Music to my Palate
Inspired by www.DrinkNectar.com
(@nectarwine on Twitter and www.facebook.com/drinknectar )
Link to original post… http://drinknectar.com/2009/11/23/my-rock-n-roll-wine-list/
When I read Josh’s post on pairing wine with Rock-n-Roll, I thought it was a brilliant idea. He was actually inspired as well. See his blog for more details on that. My own feelings of inspiration got me thinking, as I am an avid music fan and of course a wino. So, I started considering the music that I love (not just rock-n-roll) and the wines that I adore and here is what I came up with…
Nebbiolo is one of my favorite grapes. I love the old world flavors and aromas of earth and truffles married with dark fruit, tar and rose petals, but often the truest expression of a Nebbiolo comes with age, after the wine has had some time to reveal itself more fully. My music pairing would therefore be the Black Crowes, whose music, I believe, has evolved and become more defined over time. They were already great in the beginning, but like the Nebbiolo grape which can be aggressively tannic when young, I think the Black Crowes also had an abrasive edge which developed into a more cohesive and broad expression of their roots, producing music that shows them to be more comfortable in their skin now than they have been in years.
Ahhhh Pinot Noir…a grape which has such a diverse range of offerings based on region and the role of the winemaker. Every time I get my head around defining the characteristics of Pinot from a particular area, I discover a new Pinot and a winemaker who is taking an innovative approach in their attempt to capture the terroir or varietal expression. Sometimes a Pinot is spicy and rich with ripe cherry and strawberry. Other Pinots are light and delicate with floral notes. Still others are earthy and herbal. It is hard to pin Pinot down sometimes. Another great innovator who was hard to pin down in the world of Jazz and kept us on our toes was Thelonius Monk, whose unorthodox approach to music spawned the creation of a body of work that still inspires musicians today, much like Pinot Noir inspires new wine enthusiasts to delve a little deeper into the wine world. Monk’s originality also mirrors the unique expression of every Pinot Noir.
I would be remiss if I did not include Cabernet as one of my great loves. When I find myself shamelessly in love with a Cabernet, it is usually big and chewy and shows a complex display of aromas and flavors, which may include rich blackberry and raspberry, anise, roasted coffee or black tea, dark chocolate, rosemary, vanilla and toasty oak, only to name a few, and part of the joy of drinking a glass (or bottle-who am I kidding right?) of Cabernet is the journey it takes you on through these complexities. So I have to go with Josh on this one and pair Cabernet with Led Zeppelin, who are easily one of the biggest rock bands ever. Their complex melding of acoustic, heavy metal and blues music with intricate arrangements give my ears and my mind something to “chew on”, just like a glass of Cabernet. Boy this is making me thirsty!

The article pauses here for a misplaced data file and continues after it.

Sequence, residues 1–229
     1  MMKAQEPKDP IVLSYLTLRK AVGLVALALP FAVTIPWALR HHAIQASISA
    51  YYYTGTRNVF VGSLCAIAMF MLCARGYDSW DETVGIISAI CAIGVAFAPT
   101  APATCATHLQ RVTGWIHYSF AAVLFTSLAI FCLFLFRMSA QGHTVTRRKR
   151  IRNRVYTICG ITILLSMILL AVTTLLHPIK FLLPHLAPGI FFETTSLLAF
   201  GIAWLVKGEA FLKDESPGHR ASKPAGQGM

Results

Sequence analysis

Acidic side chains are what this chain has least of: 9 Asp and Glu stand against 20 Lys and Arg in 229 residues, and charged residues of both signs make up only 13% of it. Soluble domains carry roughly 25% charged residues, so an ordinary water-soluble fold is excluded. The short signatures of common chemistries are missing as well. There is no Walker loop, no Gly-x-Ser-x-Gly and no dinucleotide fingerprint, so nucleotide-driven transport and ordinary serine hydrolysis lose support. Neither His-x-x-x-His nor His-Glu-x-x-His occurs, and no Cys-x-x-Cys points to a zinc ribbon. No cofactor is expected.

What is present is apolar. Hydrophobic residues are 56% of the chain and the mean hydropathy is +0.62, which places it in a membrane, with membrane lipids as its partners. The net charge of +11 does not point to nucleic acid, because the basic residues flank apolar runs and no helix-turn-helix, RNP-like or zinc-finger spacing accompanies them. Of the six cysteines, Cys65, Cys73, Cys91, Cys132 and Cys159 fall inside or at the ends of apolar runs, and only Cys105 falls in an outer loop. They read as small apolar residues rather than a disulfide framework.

One more grape…last but not least…Zinfandel. Anyone who knows me (or has read my article singing its praises) knows I love Zin. I find that it is often misunderstood by the average wine drinker, mainly due to lack of exposure, or the grave error of connecting it with White Zin. My twin sister introduced me to Zinfandel and I have been spreading the word ever since. Zin, like so many other grapes, is very diverse, but some basic characteristics always remain consistent…dark fruit and a touch of spice (usually pepper). The music I would pair this grape with would appropriately enough be from The Misunderstood, a 1960’s band from California (the home of Zinfandel in America) whose psychedelic rock, in spite of many people not knowing who they are, is considered to be pioneering by many musicians. The Misunderstood were certainly ahead of their time and definitely a little spicy, like my delicious glass of Zinfandel.
Well, these pairings are my current contribution to the notion of pairing wine and music.
Thank you once again Josh from www.DrinkNectar.com for inspiring this blog post.
It was a lot of fun! Cheers!